And so. His words about sublimation have echoed through my head over the last couple of years – with its heartache, and the disappointments over the various men who have let me down, or broke my heart.

Okay, Sheila, okay, Sheila. So you loved him. It ain’t gonna work. TAKE THIS PAIN, AND MAKE IT SUBLIME.

Put it in the work.

Put it in the work.

Put EVERYTHING in the work. Put your joy, your grief, your rage, your sexual desire, your angst, your hopes – put it all into the work.

Doug Moston taught me that.

He shouldn’t have died so young. He was a prince among men, a prince among teachers.

I can see his little baby-face in my mind right now.

God bless you, Doug Moston. You were a born teacher. You taught me much. You will be so missed.

And thank you thank you thank you for Shakespeare’s Folio. It is a major accomplishment. Something I treasure.

It is a legacy to be proud of.

Doug Moston – Rest in Peace.

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7 Responses to R.I.P., Doug Moston

  1. Connie says:

    I too was a student of Doug’s at ASDS. Thank you for the beautiful comments about his work.

    I loved his toughness and his tenderness and I learned so much from him.

  2. Nathan says:

    I was in Doug’s final freshmen class at NYU-CAP21. He changed my life and hopefully someday I’ll be able to articulate it as well as you have hear. Thank you for such a comprehensive appreciation of a truly awe-inspiring teacher.

  3. Jim Purvis says:

    Doug coached me during my audition for ASDS. I thought who was the crazy fellow asking me about my cooking background while I’m trying to get into grad school. In between talking about food and cooking school he managed to walk me through a sense memory exercise. Later I was his student for classics. I’d run into him in a deli on 6th ave before class, he’d hold up a bagel with cream cheese and lox, smile and say, “best deal in the city!” Then we’d go on up to the studio for class. I miss you Doug. I wish I could have told you sooner.

  4. Suzy says:

    I will always remember Doug and his passion exercise and his joy of teaching. He was a good man who I have only to be sad for those who didn’t get to know him.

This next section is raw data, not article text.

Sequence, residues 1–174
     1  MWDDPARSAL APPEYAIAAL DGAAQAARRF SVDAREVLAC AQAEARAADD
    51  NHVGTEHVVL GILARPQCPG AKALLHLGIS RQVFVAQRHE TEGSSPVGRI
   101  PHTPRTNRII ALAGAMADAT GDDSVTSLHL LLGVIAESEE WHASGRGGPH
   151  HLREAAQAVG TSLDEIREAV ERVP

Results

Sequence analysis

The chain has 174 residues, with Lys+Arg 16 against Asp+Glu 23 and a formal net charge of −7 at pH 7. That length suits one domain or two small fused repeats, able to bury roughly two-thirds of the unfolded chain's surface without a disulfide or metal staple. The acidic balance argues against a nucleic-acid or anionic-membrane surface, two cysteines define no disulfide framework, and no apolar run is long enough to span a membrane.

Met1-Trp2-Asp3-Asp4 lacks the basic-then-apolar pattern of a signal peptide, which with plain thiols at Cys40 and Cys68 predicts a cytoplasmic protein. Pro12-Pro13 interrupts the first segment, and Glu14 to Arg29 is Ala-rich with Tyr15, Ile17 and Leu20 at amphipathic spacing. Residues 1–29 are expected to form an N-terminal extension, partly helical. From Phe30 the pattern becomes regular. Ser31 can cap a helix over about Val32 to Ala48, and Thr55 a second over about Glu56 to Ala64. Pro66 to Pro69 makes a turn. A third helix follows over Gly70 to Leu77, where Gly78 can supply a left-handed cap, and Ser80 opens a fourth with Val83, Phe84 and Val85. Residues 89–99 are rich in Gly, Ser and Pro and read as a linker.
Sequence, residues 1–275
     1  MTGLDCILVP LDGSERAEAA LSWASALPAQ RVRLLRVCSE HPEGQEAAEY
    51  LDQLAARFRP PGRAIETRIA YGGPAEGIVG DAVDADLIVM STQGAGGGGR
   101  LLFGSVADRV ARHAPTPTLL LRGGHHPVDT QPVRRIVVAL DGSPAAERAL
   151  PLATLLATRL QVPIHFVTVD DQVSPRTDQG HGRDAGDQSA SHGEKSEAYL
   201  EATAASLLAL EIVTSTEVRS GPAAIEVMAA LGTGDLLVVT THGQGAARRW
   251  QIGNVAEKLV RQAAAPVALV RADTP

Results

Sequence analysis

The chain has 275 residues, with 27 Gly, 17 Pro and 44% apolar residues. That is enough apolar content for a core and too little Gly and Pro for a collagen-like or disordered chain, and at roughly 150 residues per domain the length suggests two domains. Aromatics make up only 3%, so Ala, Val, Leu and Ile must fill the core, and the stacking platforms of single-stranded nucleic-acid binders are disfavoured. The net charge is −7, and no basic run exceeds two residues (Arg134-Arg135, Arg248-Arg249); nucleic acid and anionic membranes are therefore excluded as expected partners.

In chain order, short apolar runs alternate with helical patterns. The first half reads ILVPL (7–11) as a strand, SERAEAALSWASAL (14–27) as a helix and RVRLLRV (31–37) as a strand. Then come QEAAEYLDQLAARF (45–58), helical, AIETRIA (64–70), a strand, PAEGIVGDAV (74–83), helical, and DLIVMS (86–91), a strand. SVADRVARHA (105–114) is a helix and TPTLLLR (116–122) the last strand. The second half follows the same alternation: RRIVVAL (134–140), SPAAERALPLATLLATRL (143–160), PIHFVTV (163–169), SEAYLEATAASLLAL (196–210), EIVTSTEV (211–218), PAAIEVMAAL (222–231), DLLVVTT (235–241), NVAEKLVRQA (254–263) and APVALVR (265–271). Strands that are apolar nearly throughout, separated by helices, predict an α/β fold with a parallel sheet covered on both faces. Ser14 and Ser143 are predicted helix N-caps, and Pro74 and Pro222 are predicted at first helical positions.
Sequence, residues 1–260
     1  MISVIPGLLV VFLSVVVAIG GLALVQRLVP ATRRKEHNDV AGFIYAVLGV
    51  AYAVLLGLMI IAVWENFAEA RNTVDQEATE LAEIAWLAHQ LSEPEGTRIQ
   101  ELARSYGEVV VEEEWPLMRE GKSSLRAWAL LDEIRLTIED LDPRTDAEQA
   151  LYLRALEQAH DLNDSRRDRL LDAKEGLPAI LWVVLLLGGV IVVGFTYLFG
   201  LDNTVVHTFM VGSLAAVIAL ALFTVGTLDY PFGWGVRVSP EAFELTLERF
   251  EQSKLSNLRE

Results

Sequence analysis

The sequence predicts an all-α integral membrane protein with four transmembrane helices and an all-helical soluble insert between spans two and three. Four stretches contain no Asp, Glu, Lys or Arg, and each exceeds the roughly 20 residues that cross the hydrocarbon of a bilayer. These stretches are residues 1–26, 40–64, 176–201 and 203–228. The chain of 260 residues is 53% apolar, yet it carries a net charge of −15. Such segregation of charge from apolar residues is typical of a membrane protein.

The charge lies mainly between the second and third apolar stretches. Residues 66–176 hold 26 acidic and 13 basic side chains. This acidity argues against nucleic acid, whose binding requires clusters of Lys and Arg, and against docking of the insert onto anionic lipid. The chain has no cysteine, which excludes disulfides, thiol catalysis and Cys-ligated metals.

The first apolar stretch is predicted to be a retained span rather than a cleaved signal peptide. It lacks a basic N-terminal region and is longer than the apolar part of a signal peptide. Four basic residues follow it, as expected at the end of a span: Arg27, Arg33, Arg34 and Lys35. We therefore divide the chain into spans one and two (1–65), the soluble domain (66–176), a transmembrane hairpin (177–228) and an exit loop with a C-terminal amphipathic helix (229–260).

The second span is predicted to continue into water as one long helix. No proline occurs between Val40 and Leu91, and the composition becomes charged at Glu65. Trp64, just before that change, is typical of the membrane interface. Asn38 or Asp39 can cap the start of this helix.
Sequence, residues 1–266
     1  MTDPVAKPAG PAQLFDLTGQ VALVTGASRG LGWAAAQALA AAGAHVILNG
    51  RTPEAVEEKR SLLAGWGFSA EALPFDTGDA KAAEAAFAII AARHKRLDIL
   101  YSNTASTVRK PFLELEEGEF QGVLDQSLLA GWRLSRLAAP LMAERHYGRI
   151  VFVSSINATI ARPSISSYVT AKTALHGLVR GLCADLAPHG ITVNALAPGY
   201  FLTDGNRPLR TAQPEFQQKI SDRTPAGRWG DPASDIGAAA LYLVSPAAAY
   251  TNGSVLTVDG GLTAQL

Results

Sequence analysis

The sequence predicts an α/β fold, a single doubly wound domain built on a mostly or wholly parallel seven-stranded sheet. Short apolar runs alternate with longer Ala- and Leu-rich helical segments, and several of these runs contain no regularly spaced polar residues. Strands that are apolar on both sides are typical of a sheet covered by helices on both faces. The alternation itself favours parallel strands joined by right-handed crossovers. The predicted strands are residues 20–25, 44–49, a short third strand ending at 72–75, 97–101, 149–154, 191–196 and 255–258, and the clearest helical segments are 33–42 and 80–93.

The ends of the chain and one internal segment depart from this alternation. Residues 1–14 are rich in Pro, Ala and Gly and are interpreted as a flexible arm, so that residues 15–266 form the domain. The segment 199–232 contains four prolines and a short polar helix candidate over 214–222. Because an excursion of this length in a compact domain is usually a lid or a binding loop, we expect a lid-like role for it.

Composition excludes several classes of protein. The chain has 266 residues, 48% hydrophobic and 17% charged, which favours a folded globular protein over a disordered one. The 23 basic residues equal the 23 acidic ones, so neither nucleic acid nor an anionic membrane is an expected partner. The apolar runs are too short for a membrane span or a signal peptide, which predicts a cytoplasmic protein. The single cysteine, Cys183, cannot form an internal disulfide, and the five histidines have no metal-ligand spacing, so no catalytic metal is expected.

5. John Gobin Shaw says:

    I had met Doug Moston a few times. He and my sister Diana had been married for many years, right up until the time of his death. Of acting, of drama, I know nothing more than your average person, and maybe less than many. However, I am aware of the fact that good acting requires talent, commitment, skill, training and much more of an investment in one’s own self than might seem immediately apparent.

    It was in Stuart, Florida many years ago. I do not remember the year or the season. Doug and Diana were downhome for a visit. Four of us went out to eat dinner at a local restaurant named Big Al’s. This place was famous in that area for seafood. Doug loved good food. This restaurant had carpets on the walls, which to me went unnoticed. But to Doug it was cause for humour.
    They must have had a Polock for an interior decorator here, said Doug. Why do you say that? asked I. They have the carpets on the walls and the floors are bear, said he. I thought that was very funny at the time.

    I came up in rough and tough times myself. My simple impression of Doug Moston is that—he was a good guy. In some of the places I have been, being known as a good guy was important. He was a good guy.

  6. Juliana says:

    i was in Doug’s Freshman class at NYU and all i have to say is my heart is broken, from your words, from his death, from this man that blew through my life with the extreme brightness of a comet, that fleeting and that precious.
    He taught me so much I’ll never forget. It is good to hear others. Thank you.

  7. David Krasner says:

    Doug directed my play, *Lillie and Lou.* He later worked for me at Yale, teaching acting. He also coached me as an actor. Yes, he was a hard-nosed, street-wise, tough Jewish kid from NYC, with a sense of truth and a love of people. We had our ups and downs, but I always respected his knowledge and his passion. He published an essay in a book I edited, *Method Acting Reconsidered.* He was … Doug, and I shall miss him forever.